Benefit Bulletin May 2014
This week, lawmakers passed legislation to avert a government shutdown and those in the majority party continued working on legislation to reform the tax code. In addition, The Senior Citizens League (TSCL) saw several key bills gain support in the House and Senate. .Accurate earnings estimates: It's important to accurately estimate your earnings. If you worked for someone else, Social Security will need your gross earnings prior to deductions for taxes. In addition, Social Security counts when the wages are earned, NOT when they are paid. This includes accumulated sick or vacation pay and bonuses. .In addition, you will need a plan to cover the portion of costs that Medicare does not pay which are considerable, either a Medicare supplement (Medigap plan) with a Part D plan for drug coverage or Medicare Advantage plan that includes drug coverage. Spending on Medicare and health insurance premiums comprise the biggest share of healthcare costs, nearly two-thirds of overall senior healthcare spending. … Continued
Best Ways To Save September 2019
Sixty-five percent of people surveyed by The Senior Citizens League support lifting the thresholds that subject Social Security benefits to taxation. The Senior Citizens League is seeking input from the public on this issue. To participate in a survey about Social Security and Medicare, visit . .The judge's order stops the implementation of the rule until the completion of the notice and comment process. .Use the lowest price among other economically advanced countries – the so-called "favored nations rule" - to set what Medicare pays for certain drugs administered in a doctor's office, including many cancer medications. This would apply to the most expensive medications covered by Medicare's 'Part B,' which pays for outpatient care. … Continued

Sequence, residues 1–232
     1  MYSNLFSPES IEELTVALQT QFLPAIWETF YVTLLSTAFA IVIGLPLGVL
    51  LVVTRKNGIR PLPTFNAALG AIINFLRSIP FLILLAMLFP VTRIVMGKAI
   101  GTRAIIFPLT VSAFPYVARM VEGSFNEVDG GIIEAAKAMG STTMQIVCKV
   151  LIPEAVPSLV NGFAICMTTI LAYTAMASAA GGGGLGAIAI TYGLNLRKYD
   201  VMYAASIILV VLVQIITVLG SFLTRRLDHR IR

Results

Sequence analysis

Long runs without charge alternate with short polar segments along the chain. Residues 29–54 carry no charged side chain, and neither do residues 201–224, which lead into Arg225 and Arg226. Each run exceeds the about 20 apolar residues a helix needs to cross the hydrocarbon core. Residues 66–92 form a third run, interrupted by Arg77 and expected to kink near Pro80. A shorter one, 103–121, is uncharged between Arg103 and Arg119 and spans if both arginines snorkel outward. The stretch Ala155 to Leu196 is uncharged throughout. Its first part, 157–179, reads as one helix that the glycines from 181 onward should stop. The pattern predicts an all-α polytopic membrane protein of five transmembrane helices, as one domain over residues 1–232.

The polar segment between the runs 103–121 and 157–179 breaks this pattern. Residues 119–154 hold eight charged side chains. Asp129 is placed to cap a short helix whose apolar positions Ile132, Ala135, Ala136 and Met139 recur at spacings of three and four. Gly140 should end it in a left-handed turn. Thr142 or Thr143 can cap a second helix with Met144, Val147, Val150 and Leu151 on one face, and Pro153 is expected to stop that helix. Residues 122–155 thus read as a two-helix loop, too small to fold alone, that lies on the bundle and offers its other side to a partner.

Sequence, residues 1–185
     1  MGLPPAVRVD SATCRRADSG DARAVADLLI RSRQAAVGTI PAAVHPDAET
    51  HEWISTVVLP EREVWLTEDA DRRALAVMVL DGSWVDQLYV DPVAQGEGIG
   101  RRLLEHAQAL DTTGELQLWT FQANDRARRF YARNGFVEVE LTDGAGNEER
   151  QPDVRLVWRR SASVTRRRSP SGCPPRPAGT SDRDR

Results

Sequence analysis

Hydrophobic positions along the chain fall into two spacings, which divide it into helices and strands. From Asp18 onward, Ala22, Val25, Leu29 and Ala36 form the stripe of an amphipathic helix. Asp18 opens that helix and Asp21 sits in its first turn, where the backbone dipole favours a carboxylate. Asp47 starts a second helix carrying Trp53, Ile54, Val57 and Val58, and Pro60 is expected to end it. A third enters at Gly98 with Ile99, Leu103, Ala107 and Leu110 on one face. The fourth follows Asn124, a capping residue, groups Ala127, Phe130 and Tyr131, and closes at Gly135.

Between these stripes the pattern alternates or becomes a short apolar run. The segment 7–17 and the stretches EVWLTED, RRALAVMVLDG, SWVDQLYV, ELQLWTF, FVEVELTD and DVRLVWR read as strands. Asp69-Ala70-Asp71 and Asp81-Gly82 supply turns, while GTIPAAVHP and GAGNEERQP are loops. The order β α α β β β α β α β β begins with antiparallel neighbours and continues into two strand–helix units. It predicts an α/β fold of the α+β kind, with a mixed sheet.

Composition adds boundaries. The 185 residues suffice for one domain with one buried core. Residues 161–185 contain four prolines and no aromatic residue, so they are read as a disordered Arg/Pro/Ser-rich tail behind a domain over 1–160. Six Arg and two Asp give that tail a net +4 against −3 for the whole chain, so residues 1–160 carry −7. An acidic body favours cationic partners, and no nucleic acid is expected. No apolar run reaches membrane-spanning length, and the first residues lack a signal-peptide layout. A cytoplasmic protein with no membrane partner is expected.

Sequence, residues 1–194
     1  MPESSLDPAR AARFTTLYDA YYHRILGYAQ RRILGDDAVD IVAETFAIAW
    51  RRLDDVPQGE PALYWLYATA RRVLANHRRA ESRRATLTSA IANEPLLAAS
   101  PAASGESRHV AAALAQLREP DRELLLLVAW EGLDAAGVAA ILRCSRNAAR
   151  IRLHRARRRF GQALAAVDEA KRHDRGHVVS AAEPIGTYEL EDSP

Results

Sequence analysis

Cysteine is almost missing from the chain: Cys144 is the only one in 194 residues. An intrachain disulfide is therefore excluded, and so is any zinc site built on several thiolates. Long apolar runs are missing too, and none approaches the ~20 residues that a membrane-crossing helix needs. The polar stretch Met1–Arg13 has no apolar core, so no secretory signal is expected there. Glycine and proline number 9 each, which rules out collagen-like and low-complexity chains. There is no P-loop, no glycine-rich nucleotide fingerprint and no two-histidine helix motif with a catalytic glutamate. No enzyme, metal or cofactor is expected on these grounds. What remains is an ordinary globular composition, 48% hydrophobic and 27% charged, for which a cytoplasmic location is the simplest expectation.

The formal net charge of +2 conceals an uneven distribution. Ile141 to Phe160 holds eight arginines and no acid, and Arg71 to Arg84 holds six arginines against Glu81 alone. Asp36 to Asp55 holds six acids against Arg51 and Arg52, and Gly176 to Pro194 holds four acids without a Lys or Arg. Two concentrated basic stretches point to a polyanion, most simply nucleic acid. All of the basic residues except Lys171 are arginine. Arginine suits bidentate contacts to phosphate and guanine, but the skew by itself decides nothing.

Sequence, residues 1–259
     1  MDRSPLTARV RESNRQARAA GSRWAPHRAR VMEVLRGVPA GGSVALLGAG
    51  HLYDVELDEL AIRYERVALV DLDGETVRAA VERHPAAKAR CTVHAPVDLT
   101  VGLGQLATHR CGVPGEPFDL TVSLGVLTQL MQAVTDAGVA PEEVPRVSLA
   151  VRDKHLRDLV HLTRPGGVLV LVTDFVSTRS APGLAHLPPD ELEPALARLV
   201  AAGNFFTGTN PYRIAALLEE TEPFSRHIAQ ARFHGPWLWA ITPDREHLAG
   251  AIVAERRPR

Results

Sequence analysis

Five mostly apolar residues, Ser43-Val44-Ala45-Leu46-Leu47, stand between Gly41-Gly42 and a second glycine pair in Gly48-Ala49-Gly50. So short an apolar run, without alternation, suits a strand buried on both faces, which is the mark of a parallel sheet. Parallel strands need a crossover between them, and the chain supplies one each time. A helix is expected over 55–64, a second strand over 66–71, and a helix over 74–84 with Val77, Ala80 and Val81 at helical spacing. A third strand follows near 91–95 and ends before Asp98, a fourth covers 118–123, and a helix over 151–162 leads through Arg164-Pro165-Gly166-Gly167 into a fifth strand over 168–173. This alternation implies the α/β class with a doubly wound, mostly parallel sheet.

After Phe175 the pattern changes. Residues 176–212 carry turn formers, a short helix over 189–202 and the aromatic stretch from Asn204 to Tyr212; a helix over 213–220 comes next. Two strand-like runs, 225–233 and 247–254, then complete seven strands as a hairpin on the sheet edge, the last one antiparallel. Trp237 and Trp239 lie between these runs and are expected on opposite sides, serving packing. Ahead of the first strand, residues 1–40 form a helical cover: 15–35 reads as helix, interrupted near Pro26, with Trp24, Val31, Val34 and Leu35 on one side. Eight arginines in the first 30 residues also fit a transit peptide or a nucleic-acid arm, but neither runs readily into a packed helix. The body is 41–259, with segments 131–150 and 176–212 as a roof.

This week, one new cosponsor – Congressman Bill Foster (IL-11) – signed on to the Social Security 2100 Act (H.R. 1902), bringing the total up to 16The bill, which was introduced just a couple of months ago, has more support in Congress than any other comprehensive Social Security reform bill to date. .(Washington, DC) – Low inflation is striking another blow to the long - term Social Security income of millions of older and disabled Americans, according to a new analysis by The Senior Citizens League (TSCL). "For the third time in only 7 years, older Americans will not see any Cost of Living Adjustment (COLA) increase in their Social Security benefits," says TSCL Chairman, Ed Cates. "For tens of millions of people this has a devastating impact on the long-term adequacy of their benefits," he says. The Social Security Administration recently announced that more than 59 million beneficiaries would not receive an annual COLA next year, because inflation was lower this year than it was a year ago. .The Senior Citizens League is pleased that leaders in Washington have temporarily reopened the federal government, and we are hopeful that they will act responsibly in the days ahead to ensure that it remains fully funded. We will continue to monitor the negotiations closely in the coming days, and we will post updates here in the Legislative News section of our website. .We want to reiterate here that TSCL is a non-partisan organization and we work with any member of Congress and both political parties when they support legislation that we believe is in the best interest of America's seniors. .How many members does TSCL have? .In the meantime, though, as businesses re-open and we return to a new version of normal, it's important to stay vigilant. .We may not all agree on ways to reform the system, but at the very least it is time for our colleagues on the other side of the aisle to wake up and admit that we can't continue to defend the status quo. These new reports from the Medicare trustees make that much perfectly clear. .It's unlikely that Congress will move forward on this plan or any Medicare reform proposals before a critical election, but The Senior Citizens League will keep a close eye on the negotiations. .Medicare's therapy cap on rehabilitation services, such as physical, occupational and speech therapy, has a long and sordid history in Washington D.C. The therapy cap sought to keep the Medicare budget under control but often hurt patients who need care after traumatic medical events. In practice, this cap limits access to Medicare - covered rehabilitation services. Patients are faced with either footing the bill for additional expensive care out of their own pocket or purchasing additional supplementary coverage if they can afford it.